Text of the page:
The (5) Believer Congregated-He introduce the needs for believers to practice belongingness, group, meeting place, and meeting times. The (6) Faith Confirmed-this has to do with Stewardship, witness, service, worship, and instruction. The (7) Leadership Consecrated-it involved scriptural discipline, permanent organization, and leadership development. The (8) Believers Commended-it brings along with it the practical and classical Pauline followed by continuation of ministries, transition of leadership, and withdrawal of church planter. The (9) Relationship Continued-Church/mission relationships, church/church relationships, and missionary/church relationships. The last of the Pauline Cycles that completes it is (10) Sending Churches Convened-which has two parts with participation in mission, and understanding mission. He mentions two essential elements that come with the assignment: (1) The members of the sending congregation are to be fully aware of the mission of the church in biblical terms. The next one is (2) believers are to understand the labor that has been accomplished through the work of the missionaries and how it was done.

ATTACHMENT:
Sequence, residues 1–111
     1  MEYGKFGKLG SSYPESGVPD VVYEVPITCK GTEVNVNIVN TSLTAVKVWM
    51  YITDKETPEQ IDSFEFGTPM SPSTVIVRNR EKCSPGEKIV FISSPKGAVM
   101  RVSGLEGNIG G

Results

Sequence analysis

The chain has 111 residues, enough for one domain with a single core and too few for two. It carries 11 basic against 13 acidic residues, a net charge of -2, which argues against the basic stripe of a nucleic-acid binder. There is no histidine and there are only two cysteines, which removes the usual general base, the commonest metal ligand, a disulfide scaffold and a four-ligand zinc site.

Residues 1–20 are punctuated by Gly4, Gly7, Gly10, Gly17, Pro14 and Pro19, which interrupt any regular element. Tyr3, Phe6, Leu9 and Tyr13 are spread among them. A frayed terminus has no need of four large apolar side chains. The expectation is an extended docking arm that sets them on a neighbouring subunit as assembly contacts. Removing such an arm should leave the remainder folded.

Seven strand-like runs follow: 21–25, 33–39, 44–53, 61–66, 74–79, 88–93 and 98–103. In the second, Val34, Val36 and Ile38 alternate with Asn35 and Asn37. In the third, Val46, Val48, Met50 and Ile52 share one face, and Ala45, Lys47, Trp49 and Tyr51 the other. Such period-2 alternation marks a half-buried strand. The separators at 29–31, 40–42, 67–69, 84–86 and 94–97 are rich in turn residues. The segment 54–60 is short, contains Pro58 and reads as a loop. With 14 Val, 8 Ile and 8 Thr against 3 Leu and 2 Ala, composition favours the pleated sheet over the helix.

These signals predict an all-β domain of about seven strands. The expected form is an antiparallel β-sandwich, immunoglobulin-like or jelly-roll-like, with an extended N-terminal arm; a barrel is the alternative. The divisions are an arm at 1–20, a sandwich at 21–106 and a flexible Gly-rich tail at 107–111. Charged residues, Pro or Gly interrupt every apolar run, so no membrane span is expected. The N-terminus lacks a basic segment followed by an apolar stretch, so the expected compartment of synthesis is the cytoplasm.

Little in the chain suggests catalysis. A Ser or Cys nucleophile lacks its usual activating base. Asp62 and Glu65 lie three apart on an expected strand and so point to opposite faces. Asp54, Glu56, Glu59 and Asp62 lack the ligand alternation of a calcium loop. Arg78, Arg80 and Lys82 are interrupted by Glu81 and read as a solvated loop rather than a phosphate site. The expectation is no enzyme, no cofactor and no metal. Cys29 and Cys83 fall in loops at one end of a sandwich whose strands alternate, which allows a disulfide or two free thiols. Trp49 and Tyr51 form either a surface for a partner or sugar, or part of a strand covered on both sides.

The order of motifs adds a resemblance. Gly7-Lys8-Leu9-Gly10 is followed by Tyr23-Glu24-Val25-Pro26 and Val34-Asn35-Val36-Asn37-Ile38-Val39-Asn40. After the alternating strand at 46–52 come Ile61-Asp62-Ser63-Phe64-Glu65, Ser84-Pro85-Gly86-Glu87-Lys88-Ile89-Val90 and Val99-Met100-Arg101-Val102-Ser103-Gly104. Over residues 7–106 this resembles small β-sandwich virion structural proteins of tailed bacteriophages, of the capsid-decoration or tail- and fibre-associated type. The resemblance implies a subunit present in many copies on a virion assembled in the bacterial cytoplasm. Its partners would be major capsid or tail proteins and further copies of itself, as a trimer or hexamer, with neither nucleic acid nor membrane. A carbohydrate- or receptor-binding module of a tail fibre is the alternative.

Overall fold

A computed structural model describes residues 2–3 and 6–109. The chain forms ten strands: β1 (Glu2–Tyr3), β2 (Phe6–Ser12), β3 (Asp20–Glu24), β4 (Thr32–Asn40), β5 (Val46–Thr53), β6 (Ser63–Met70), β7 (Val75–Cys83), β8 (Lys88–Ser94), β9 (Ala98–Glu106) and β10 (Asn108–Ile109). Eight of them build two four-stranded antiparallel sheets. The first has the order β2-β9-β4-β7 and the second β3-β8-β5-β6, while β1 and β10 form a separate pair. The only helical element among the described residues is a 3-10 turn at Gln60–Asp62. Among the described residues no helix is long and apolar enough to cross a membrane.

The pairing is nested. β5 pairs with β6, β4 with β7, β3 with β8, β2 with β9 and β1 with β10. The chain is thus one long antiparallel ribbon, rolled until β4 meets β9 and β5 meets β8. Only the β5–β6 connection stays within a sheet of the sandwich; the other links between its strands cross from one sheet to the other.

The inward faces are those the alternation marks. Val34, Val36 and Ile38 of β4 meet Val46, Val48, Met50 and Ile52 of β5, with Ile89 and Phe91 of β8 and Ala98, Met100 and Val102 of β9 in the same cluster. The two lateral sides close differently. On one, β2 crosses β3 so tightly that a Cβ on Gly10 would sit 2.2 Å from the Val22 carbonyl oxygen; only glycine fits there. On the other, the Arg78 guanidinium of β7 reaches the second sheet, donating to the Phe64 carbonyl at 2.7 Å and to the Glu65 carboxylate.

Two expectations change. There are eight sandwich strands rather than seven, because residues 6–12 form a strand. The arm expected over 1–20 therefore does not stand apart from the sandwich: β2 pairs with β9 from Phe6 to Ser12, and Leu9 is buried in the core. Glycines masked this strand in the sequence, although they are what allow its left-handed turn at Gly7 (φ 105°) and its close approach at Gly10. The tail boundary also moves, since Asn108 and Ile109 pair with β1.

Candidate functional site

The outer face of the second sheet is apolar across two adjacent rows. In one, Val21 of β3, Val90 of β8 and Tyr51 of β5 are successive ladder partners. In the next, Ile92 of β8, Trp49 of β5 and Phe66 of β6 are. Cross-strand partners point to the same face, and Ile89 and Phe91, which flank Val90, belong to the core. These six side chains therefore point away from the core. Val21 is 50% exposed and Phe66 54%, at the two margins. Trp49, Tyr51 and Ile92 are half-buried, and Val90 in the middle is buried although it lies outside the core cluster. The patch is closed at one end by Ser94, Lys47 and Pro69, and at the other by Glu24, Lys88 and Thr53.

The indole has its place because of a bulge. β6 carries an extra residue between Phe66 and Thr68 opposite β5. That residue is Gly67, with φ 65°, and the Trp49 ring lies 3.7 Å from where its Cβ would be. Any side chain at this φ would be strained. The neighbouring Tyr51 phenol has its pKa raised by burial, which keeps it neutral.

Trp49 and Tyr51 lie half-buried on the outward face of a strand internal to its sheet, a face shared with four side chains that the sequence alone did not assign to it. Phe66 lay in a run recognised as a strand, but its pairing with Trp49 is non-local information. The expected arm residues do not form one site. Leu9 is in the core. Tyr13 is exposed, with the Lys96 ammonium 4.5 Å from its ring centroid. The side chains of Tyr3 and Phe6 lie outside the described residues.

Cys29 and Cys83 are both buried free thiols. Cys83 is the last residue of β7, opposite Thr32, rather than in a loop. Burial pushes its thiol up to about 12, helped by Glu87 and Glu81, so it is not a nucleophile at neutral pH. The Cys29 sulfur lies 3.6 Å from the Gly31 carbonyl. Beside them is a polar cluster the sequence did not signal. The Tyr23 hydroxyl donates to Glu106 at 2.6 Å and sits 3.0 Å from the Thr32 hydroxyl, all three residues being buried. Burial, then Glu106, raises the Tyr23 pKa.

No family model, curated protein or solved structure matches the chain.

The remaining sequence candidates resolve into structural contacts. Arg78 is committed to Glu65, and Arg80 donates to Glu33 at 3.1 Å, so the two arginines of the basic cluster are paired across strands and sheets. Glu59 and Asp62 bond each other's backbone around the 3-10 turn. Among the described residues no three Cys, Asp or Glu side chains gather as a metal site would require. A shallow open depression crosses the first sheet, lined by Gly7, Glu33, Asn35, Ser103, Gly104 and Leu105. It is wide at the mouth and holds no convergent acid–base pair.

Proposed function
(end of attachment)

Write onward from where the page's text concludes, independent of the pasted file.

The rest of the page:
The author has more than achieved his intended purpose; he has clearly shown that the Pauline Cycle of ministry is not out of date. It was a God-given task which was performed by the Apostle Paul and its architecture and structure was given by God; one that was effective in the first century and it can be efficient now if followed accordingly. Hesselgrave’s book is a structured or fundamental in learning to be a church planter, missionary or evangelist, it is well structured with many chart, illustration and real missionary story. His arguments are very convincing and well supported with scripture reference and recent study and survey.